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The Seaside Bateau

By Craig O'Donnell.

Plan by Howard Chapelle, available from the Chesapeake Bay Maritime Museum.


My mother's side of the family comes from Worcester County, MD, where they used to live within spittin' distance of Sinepuxent Bay. One of their houses, built about 1720, still stands, across from what used to be Sinepuxent Inlet. This inlet disappeared after storms in the 1820s, but it's there on charts dating earlier.

Their boats might have looked like this. This is a "Seaside Bateau" or "Sinepuxent Skiff", which came in a large size for serious fishing, and a smaller size as a utility boat. According to letters which the CBMM has, the small skiff used the mizzen (or as they call it, the mainsail) from the larger bateau.

There is much flare to the sides because these boats would go in and out of the inlets and into the ocean along Assateague, Chincoteague, Fenwick Island, etc. I'm sure the straight keel and skeg were to help the boat track straight if it encountered swells returning through the inlet.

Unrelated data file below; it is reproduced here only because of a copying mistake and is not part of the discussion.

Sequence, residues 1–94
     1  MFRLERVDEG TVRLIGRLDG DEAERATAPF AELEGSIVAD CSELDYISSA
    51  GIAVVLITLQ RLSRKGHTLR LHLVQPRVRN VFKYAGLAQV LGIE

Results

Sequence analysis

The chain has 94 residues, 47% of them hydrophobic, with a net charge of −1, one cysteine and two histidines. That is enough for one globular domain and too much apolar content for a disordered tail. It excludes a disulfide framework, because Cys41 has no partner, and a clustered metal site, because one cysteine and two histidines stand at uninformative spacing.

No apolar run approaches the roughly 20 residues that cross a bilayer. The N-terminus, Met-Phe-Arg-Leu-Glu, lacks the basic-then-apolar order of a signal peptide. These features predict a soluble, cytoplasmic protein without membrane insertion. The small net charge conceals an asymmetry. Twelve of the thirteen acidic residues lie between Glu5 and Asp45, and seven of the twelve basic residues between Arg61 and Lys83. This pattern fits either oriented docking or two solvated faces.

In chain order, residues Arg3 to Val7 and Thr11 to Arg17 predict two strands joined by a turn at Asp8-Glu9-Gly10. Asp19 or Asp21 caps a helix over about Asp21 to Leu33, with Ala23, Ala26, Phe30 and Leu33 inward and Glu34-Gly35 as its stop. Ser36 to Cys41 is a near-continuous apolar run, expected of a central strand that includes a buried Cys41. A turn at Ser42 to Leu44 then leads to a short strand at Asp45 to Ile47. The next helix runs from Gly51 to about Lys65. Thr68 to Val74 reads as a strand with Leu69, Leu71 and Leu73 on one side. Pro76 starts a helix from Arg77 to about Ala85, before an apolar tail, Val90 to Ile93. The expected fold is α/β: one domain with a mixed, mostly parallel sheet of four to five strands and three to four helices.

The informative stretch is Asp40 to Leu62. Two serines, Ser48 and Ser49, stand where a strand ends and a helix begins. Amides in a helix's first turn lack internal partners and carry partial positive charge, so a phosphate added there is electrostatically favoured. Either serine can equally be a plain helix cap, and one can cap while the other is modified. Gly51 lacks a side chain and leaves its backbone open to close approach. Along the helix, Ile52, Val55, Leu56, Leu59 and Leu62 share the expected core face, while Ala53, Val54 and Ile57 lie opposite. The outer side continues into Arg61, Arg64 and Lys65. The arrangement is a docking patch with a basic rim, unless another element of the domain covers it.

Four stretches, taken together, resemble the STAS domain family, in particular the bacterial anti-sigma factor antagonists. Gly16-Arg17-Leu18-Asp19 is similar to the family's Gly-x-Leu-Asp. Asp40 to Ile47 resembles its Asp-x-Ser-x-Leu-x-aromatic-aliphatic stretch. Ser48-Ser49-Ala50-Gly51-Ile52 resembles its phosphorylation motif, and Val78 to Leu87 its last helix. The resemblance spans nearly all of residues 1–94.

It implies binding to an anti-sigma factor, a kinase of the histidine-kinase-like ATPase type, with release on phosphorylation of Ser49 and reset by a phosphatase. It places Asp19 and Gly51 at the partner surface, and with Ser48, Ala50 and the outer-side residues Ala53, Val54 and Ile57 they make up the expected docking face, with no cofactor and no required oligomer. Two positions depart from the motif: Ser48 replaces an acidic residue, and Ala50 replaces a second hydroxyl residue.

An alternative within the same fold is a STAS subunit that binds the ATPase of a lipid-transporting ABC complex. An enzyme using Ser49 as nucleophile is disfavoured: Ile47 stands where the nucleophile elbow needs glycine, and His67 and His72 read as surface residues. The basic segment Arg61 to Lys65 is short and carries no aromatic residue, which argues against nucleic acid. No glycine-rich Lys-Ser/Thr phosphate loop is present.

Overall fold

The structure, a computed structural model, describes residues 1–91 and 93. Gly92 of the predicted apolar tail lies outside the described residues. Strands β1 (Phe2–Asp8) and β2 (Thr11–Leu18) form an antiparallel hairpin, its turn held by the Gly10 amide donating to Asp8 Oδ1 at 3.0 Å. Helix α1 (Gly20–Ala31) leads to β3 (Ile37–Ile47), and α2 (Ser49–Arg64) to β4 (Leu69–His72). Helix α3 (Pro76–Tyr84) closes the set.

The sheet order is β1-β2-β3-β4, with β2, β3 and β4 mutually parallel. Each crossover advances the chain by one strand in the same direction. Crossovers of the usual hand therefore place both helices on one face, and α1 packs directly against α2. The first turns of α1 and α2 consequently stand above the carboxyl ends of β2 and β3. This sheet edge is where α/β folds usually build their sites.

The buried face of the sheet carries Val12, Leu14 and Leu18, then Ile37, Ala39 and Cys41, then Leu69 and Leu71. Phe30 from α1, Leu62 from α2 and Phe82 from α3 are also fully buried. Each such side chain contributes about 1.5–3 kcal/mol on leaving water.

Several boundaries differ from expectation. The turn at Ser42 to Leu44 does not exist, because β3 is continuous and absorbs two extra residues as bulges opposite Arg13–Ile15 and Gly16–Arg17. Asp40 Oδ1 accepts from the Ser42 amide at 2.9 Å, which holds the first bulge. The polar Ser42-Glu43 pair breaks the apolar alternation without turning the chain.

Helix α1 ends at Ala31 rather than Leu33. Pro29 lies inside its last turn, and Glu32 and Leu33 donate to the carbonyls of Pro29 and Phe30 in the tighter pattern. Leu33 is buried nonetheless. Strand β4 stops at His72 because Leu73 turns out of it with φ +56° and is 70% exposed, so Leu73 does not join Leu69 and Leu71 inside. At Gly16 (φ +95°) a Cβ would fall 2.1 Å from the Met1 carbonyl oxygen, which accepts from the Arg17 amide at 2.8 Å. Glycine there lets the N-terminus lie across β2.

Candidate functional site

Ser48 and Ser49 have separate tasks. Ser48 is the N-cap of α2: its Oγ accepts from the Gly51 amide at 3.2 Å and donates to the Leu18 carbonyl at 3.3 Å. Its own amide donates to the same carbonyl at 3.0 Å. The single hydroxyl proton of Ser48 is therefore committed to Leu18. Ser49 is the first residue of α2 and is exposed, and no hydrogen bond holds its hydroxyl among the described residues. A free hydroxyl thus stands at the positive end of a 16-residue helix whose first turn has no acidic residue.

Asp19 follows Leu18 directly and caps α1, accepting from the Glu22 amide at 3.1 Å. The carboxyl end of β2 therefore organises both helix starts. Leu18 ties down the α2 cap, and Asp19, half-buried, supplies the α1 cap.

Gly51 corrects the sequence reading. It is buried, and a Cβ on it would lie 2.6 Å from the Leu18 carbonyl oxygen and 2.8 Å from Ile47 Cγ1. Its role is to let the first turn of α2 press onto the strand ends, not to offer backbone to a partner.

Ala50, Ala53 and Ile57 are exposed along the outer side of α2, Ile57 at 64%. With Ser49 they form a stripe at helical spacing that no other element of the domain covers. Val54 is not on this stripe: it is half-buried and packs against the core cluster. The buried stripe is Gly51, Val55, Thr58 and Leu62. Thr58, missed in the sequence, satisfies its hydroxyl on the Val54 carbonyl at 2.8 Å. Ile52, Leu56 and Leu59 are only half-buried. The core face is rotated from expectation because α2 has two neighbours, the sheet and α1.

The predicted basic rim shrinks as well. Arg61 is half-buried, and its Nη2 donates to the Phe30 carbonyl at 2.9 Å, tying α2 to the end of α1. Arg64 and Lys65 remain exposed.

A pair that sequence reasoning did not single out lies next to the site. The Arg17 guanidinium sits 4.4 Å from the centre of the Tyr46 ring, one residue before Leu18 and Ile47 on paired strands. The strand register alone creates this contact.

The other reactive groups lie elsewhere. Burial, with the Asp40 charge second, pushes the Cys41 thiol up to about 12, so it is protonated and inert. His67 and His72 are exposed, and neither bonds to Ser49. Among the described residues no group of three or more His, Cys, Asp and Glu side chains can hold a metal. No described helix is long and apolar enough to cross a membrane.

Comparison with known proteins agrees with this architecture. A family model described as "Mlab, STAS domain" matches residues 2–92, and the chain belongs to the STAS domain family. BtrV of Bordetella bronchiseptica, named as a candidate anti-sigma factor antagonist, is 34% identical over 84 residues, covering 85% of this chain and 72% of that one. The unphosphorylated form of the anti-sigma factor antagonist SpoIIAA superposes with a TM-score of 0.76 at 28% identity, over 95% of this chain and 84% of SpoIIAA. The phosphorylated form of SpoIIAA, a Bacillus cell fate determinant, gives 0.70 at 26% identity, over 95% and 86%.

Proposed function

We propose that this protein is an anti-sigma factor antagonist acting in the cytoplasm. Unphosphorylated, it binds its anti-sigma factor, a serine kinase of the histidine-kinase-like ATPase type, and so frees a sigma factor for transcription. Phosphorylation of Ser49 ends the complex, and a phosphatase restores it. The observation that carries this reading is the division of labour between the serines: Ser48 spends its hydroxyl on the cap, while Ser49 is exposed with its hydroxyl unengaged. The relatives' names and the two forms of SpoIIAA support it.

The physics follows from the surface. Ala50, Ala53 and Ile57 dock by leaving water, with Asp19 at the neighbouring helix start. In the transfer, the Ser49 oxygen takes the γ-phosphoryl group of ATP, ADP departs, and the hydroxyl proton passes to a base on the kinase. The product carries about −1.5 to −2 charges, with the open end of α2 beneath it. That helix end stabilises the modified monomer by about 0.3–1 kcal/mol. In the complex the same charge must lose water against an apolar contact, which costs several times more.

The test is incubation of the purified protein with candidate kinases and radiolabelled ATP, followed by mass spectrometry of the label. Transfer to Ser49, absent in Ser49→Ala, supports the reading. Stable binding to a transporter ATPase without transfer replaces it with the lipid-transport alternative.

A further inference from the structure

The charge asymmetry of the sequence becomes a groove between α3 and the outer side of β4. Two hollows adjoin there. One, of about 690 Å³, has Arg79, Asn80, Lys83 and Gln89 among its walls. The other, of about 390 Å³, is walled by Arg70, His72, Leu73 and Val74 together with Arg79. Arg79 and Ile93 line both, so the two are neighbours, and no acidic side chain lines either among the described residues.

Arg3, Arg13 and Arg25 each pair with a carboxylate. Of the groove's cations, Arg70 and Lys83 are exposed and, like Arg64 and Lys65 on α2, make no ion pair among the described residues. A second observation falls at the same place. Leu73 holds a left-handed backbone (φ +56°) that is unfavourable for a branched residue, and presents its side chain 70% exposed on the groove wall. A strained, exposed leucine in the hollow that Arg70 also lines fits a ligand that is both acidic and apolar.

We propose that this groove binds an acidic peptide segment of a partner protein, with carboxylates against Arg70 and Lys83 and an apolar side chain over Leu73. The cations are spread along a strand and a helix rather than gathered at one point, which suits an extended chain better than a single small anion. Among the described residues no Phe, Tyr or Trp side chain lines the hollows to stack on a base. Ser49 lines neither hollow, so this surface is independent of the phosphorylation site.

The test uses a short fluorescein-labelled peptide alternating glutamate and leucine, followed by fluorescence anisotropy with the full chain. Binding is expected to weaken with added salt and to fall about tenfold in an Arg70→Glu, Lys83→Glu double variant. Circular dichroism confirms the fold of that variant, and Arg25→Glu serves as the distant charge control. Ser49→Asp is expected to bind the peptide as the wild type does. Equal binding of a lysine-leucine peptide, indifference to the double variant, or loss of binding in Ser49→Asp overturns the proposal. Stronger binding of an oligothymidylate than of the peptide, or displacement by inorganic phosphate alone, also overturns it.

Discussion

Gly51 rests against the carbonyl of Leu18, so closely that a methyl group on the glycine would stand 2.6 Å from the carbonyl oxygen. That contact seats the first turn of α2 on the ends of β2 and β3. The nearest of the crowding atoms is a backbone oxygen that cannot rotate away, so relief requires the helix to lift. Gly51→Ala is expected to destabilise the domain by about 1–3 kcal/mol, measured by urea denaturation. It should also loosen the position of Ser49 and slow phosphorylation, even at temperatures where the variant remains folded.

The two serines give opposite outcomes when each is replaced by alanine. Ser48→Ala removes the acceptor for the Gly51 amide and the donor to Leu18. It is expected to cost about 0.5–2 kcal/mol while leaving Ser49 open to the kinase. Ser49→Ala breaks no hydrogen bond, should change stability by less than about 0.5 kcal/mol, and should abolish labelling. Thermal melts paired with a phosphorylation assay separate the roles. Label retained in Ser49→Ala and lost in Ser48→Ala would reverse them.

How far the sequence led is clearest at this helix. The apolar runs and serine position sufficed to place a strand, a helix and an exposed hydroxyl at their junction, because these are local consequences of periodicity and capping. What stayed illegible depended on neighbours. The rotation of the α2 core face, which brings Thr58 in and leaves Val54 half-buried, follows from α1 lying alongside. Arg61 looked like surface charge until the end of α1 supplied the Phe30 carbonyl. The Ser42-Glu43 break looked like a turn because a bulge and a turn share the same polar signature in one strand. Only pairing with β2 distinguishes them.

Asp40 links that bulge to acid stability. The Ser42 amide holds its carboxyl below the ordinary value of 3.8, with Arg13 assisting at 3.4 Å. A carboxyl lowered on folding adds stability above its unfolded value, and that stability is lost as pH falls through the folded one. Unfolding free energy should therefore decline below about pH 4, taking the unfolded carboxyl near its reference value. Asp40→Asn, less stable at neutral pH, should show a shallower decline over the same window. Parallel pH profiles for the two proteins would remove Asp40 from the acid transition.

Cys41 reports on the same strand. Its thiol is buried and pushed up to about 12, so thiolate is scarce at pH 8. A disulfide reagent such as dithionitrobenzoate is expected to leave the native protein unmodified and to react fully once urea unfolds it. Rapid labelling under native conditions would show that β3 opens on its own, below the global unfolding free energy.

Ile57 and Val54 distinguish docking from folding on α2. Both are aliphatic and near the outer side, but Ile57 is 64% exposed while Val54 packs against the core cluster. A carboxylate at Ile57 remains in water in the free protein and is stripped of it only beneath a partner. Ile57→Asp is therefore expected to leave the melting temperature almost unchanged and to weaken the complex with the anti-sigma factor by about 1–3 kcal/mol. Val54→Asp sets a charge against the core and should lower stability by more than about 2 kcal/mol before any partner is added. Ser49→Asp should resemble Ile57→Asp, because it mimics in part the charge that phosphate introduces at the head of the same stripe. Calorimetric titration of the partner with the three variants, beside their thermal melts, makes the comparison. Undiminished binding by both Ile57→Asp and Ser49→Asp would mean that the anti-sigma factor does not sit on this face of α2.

There are a number of pictures of likely skiffs in Badger and Kellam, The Barrier Islands, about Virginia's Eastern Shore.

I'm working on a 1/3 scale model. I studied the plan and used a CAD program to lay out bulkheads or frames to build the model around. We'll see how that works out.

For more about these boats, including study plans to compare the smaller and larger skiffs, see http://freepages.genealogy.rootsweb.com/~fassitt/ where you can also read amusing tales of ancestors.

 The 13-foot Seaside Bateau (one sail)


Bessie Lee, the 20-foot Seaside Bateau at the Chesapeake Bay Maritime Museum: two-sail periauger rig or "cat-yawl".

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1.0 03/15/99